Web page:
"See the difference? The senators accept that the ACA is law and are thinking about how they’d like to change it. The House members are coming up with another way to make a futile, symbolic shaking of their fists in the general direction of the White House. And this may offer a clue to how legislating would proceed in a Republican Congress. The House, still dominated by extremely conservative Republicans for whom any hint of compromise is considered the highest treason, could continue to pass one doomed bill after another, while the Senate tries to write bills that have at least some chance of ever becoming law."
|Opportunity looks into Endeavour Crater|
"The model predictions of ENSO for this summer and beyond are relatively unchanged from last month. Almost all the models indicate that ENSO-neutral (Niño-3.4 index between -0.5oC and 0.5oC) will persist through the rest of the Northern Hemisphere spring 2014 (Fig. 6). While all models predict warming in the tropical Pacific, there is considerable uncertainty as to whether El Niño will develop during the summer or fall. If westerly winds continue to emerge in the western equatorial Pacific, the development of El Niño would become more likely. However, the lower forecast skill during the spring and overall propensity for cooler conditions over the last decade still justify significant probabilities for ENSO-neutral. The consensus forecast is for ENSO-neutral to continue through the Northern Hemisphere spring 2014, with about a 50% chance of El Niño developing during the summer or fall (click CPC/IRI consensus forecast for the chance of each outcome)."How's that for not going out on a limb? Undangerous to the max.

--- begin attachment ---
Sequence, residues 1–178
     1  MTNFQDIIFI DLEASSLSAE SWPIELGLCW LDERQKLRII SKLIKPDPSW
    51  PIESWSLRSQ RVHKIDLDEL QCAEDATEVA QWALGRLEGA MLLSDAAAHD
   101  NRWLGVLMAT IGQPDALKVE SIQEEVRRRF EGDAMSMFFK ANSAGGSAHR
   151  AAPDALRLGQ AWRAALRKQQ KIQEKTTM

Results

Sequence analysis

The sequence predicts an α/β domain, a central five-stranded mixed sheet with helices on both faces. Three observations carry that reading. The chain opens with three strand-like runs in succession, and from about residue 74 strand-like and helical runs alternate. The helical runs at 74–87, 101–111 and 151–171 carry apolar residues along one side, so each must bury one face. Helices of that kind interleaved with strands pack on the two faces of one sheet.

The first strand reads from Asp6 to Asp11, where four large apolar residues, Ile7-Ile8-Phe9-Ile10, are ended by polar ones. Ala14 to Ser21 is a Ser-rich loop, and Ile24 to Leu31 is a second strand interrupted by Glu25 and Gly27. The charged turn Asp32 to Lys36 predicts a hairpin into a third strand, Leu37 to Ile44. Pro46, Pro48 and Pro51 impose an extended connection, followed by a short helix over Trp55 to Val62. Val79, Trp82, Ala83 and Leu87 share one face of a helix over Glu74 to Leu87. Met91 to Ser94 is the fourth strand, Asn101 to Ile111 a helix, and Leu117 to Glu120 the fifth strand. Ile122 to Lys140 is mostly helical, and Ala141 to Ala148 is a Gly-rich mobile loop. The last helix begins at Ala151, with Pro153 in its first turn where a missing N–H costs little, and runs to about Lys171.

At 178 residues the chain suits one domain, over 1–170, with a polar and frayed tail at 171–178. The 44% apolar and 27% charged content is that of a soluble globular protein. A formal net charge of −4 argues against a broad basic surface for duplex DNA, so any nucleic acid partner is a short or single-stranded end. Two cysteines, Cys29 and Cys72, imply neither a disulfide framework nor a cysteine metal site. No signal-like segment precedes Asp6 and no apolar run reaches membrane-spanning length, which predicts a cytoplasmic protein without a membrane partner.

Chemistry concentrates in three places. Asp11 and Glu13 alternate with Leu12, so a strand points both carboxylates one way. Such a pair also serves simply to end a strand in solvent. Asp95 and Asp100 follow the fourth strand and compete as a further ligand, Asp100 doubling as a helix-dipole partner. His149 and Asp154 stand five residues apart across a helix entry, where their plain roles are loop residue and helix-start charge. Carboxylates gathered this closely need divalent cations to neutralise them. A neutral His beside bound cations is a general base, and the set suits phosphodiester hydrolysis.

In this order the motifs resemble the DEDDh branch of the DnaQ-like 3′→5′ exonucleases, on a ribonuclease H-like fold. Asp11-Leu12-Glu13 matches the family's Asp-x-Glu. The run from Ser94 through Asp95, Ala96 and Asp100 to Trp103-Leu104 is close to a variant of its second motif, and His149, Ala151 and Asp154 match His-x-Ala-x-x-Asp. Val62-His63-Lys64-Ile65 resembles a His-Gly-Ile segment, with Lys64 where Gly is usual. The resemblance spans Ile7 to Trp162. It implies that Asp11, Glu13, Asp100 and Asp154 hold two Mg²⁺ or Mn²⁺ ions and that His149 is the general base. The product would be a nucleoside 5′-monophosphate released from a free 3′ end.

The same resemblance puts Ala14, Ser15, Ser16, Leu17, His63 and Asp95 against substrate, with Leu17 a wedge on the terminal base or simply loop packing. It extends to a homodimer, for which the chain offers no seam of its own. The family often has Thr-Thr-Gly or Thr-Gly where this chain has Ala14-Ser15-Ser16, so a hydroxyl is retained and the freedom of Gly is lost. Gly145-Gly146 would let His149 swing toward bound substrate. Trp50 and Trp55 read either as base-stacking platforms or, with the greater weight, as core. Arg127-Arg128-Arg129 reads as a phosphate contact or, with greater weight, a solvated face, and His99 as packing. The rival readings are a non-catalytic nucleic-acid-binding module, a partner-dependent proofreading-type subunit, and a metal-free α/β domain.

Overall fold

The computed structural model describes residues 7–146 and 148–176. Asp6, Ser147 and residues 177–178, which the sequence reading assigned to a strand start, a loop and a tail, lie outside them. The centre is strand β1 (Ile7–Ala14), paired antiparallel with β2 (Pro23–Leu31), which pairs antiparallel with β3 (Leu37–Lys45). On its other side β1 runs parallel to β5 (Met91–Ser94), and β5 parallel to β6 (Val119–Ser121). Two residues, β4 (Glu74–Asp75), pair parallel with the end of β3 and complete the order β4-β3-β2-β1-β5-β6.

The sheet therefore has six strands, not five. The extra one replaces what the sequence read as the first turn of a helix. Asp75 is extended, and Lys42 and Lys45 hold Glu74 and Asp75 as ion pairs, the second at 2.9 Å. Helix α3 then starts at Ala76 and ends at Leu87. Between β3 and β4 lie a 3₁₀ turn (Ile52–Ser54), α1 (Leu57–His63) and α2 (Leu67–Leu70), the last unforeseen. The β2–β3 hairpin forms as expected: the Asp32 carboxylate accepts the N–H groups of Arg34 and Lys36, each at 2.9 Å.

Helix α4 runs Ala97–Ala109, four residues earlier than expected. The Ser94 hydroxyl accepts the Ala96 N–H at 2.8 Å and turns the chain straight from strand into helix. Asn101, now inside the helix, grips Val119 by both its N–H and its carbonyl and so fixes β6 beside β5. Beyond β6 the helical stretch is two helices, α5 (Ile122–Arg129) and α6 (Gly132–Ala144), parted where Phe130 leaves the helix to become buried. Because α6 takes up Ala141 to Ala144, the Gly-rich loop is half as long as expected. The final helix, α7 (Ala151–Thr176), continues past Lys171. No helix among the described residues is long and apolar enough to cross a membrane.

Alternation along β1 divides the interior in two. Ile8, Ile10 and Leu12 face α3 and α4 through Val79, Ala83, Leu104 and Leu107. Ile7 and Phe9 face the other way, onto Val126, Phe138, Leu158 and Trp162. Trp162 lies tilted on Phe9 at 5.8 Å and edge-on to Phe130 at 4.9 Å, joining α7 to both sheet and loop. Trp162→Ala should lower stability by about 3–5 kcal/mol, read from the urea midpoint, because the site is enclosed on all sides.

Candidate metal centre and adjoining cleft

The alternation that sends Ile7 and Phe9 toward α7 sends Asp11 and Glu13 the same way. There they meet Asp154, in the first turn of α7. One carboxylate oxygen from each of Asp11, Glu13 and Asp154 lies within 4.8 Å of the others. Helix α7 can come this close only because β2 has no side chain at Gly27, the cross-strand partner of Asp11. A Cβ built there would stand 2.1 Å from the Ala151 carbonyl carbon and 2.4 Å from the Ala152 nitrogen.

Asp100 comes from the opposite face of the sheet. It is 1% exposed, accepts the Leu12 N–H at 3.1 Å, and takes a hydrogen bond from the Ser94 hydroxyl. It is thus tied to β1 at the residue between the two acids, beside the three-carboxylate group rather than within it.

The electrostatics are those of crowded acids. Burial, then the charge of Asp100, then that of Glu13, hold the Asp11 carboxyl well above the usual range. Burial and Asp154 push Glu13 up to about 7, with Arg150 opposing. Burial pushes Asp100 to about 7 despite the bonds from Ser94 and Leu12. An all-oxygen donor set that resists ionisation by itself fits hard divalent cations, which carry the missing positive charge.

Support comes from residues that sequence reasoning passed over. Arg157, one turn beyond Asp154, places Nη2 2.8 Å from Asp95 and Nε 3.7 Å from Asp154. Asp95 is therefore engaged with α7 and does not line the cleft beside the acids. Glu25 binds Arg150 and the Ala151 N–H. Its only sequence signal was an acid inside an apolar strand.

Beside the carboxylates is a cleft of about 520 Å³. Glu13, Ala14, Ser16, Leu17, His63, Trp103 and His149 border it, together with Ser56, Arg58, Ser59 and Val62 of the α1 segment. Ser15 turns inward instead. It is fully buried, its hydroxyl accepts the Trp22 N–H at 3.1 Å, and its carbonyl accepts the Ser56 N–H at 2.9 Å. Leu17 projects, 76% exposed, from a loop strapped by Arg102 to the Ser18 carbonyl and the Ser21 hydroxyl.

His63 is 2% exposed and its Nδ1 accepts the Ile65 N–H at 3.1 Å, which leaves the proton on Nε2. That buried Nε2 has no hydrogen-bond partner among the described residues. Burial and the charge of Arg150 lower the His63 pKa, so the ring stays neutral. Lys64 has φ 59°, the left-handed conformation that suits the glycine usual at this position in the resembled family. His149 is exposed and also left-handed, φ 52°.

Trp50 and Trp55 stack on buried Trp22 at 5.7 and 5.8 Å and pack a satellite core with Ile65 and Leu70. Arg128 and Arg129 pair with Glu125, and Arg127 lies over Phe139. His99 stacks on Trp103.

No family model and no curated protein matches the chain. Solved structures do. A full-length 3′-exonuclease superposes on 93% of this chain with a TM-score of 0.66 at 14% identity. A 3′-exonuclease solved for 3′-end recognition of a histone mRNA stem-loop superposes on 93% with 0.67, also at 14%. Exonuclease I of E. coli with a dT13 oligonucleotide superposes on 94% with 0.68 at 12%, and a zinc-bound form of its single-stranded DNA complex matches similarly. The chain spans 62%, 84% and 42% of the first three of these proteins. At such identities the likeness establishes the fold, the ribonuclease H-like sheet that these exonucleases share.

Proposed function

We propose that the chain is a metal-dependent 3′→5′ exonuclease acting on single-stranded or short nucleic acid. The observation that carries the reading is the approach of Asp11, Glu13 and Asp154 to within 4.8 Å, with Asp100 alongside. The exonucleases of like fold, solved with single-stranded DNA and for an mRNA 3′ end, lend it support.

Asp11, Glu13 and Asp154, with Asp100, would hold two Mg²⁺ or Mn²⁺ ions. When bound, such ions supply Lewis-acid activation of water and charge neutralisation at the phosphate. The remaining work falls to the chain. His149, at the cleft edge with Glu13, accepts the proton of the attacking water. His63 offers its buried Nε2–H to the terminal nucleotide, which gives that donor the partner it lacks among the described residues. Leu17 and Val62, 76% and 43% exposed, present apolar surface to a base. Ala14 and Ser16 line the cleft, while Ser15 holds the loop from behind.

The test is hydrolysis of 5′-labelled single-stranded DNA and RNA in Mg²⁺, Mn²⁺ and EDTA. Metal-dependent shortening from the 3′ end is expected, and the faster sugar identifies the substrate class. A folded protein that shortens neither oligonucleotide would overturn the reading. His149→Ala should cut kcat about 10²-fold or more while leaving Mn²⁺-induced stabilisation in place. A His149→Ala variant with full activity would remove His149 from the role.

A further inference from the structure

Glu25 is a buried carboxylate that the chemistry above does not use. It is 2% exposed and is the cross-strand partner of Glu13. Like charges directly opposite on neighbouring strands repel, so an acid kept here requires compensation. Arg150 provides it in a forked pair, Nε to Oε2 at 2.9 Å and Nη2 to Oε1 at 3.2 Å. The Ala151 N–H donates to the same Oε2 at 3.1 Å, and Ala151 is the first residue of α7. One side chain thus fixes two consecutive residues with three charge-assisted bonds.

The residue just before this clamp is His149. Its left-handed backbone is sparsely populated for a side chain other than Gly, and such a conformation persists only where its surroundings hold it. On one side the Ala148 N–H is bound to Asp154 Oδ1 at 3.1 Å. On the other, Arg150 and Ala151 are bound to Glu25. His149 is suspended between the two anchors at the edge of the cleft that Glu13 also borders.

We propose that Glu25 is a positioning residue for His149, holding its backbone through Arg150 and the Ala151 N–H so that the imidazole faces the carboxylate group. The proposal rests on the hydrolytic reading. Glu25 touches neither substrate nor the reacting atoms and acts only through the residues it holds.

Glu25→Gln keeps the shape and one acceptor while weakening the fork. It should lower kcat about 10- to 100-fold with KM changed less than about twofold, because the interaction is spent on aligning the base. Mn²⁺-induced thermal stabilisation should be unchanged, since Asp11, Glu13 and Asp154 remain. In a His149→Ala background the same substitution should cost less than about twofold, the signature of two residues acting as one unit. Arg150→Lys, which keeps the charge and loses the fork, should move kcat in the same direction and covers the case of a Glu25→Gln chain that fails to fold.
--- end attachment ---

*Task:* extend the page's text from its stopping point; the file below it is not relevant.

"Theory 4: They’re unable to grasp the big pictureThe other four are:
Just as they can take one cold day and say it contradicts the decades-long, global pattern of climate change, climate deniers are constantly prioritizing the here-and-now over the future. How else to explain why Newt Gingrich found it so hard to understand why John Kerry would call climate change “the greatest challenge of our generation”? Kerry’s claim actually threw the former House speaker into the Twitter equivalent of a nervous breakdown:
We saw the same thing recently on Fox News, which used plenty of snowy footage to emphasize the ridiculousness of Obama spending money now to combat a problem that will only “maybe” affect us later:"